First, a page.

When a fan storms the field during an NFL game, the media make sure to not show that fan's face on television. After all, the knucklehead shouldn't be rewarded for bad behavior.
It's understandable but still disheartening that the media have chosen not to apply that same standard to Colin Kaepernick -- and some have gone as far as to label the 49ers quarterback as brave and noble after he sat during the playing of the Star Spangled Banner before Friday's preseason game.
"I am not going to stand up to show pride in a flag for a country that oppresses black people and people of color," Kaepernick said after the game.
For his actions and words, Kaepernick has dominated media headlines since Friday night. In that regard, the 28-year-old's mission has already been accomplished.
If you care, here’s my take: Kaepernick obviously has the right to sit during the anthem, and I don’t doubt the sincerity of his words after the game. But like ABC15 sports director Craig Fouhy said: There are more tasteful ways to advance your cause.
Kaepernick has a commendable history of charity work. He spearheads Camp Taylor, which raises funds for children suffering from heart disease. In June, he helped raise nearly $1 million by hosting a golf tournament for that charity.
Wouldn't that have been the better path here? Kaepernick could have followed in the footsteps of Michael Jordan, who responded to the recent wave of police violence by making significant donations to the NAACP Legal Defense Fund and the Institute for Community-Police Relations.
Kaepernick could have made a donation to a number of charities that assist victims of gun violence, or to those that provide collegiate scholarships to African-Americans. He could have hosted a football camp for low-income minority children.
But instead of doing something that makes a real difference in the lives of those he says are disenfranchised, Kaepernick opted to make his point in a self-serving and, frankly, lazy manner -- a manner that drew plenty of attention to himself but did absolutely nothing to improve the lives of those he claims to advocate for.
Kaepernick has been successful, however, in generating an enormous amount of media buzz – which is, of course, why he chose the route he did. Many of my colleagues correctly noted Kaepernick has the constitutional right to sit during the anthem -- but some have gone beyond that to sympathize with and even endorse that decision.
Sporting News' Vinnie Iyer questioned the timing of Kaepernick's protest but suggested his actions were courageous, writing he "deserves respect for what he did, because he was fully aware of the football-related consequences when he did it."
Tim Kawakami at MercuryNews.com echoed those sentiments. "It took guts for him to do this; I don't agree with all of it, but it sure took guts," he wrote.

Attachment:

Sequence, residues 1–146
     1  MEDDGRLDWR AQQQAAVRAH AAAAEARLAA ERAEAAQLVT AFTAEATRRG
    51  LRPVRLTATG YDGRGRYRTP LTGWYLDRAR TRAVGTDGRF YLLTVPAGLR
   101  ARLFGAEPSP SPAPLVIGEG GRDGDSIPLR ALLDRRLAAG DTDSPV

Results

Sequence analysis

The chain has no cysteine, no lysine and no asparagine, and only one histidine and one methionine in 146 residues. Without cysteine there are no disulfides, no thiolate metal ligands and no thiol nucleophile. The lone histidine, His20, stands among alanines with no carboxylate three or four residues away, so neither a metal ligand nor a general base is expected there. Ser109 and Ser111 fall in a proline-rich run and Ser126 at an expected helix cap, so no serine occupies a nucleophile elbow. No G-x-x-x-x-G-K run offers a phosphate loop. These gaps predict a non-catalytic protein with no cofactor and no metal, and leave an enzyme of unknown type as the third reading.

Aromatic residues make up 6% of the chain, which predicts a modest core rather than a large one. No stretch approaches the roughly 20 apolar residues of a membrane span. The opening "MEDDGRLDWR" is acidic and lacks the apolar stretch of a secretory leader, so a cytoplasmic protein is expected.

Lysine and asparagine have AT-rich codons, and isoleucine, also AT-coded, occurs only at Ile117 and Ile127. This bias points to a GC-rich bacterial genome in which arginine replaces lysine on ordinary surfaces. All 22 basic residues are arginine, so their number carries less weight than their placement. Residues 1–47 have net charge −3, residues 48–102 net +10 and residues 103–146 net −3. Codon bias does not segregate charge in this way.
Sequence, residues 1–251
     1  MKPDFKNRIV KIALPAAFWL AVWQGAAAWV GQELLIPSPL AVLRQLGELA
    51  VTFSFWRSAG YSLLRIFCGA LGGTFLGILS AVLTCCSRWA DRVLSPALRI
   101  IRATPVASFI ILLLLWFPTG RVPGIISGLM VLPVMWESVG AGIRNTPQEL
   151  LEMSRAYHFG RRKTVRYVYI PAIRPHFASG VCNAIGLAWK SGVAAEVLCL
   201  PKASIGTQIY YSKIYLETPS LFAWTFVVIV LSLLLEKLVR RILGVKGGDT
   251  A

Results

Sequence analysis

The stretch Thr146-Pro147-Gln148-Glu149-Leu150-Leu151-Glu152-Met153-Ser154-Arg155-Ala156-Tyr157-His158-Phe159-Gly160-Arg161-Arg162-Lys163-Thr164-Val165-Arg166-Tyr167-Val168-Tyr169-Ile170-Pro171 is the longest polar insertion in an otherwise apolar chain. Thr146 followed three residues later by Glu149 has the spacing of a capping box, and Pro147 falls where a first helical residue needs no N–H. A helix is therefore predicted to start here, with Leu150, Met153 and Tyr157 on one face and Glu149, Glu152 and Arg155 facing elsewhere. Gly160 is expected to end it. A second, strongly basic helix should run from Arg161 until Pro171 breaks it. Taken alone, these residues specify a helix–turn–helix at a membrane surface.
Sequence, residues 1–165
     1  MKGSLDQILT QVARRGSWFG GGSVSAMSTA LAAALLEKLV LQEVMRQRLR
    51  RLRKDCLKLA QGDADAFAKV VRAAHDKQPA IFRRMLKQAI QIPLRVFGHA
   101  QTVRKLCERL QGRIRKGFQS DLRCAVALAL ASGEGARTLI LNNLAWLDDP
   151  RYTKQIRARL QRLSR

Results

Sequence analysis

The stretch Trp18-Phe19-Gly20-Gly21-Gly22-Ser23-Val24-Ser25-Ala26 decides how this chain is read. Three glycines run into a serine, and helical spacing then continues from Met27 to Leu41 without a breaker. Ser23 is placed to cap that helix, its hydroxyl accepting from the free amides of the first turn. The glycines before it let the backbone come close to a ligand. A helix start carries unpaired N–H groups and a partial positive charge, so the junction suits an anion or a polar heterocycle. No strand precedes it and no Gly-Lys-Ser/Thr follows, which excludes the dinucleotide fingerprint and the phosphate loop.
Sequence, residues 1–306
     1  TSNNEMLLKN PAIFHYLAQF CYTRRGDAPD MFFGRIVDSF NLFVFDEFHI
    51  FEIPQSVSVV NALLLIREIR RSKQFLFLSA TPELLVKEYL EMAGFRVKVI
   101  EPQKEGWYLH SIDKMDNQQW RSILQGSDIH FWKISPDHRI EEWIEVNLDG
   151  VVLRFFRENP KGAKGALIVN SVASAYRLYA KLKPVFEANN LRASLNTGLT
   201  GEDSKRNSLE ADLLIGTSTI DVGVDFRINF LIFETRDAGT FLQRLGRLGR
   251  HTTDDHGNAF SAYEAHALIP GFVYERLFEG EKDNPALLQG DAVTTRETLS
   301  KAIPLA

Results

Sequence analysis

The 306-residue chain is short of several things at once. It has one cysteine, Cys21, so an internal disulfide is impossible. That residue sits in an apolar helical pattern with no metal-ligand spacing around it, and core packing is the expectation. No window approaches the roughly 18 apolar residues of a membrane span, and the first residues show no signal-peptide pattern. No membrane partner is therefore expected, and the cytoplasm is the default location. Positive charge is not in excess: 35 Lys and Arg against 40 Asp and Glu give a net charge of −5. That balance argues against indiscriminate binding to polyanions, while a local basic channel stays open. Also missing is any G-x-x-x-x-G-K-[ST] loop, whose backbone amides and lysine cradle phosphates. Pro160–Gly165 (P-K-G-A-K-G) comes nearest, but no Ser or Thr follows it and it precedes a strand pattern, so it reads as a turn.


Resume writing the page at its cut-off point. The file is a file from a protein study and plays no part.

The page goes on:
"Instead of asking him to shut up, we should question him more," Yahoo!'s Eric Adelson wrote, adding we should take time to learn Kaepernick's thoughts on gun control, as well.
All of these commentaries are worth a read, and the men who wrote them are all far more accomplished in their field than I am. But to suggest there's any nobility or courage in sitting lazily on a bench during the national anthem, regardless of the motive, is a stretch, at best. And as long as Kaepernick continues to use this dishonorable tactic to advance his cause -- which he said he intends to do -- we media members shouldn't help him advance his cause by "questioning him more."
Does the United States have its shortcomings? Of course. But this isn’t really a discussion about America; it’s about displaying a basic amount of respect for the flag of the nation you live in -- where the fans (including active military members and veterans) who pay your salary reside.
As NBC's Jason Page wrote, the flag "isn't only emblematic of our law enforcement community or government. It's also representative of the man or woman who lives next door to you and volunteers at a soup kitchen ... It stands for the volunteers who will spend the foreseeable future in that same community helping those in need."
Page also rightly defended Kaepernick's right to free expression, as the American flag stands for that right above all else. But any moral defense of the QB should end there.
Nearly 3,000 athletes stood for the national anthem during this week’s slate of NFL preseason games. No doubt all of those athletes have personal beliefs and causes they're passionate about. Kaepernick is not special in that regard, and as such, he should not receive special treatment by the media for his poor behavior.
Kaepernick’s action, or lack thereof, on Friday was no better than a fan trying to make a spectacle of himself by rushing the field during a game. But instead of turning the camera away, some media members have willingly given Kaepernick the spotlight.
That spotlight should be kept on Jordan and others who are making a real, measurable difference, and are doing so without disrespecting the flag of the nation they seek to change.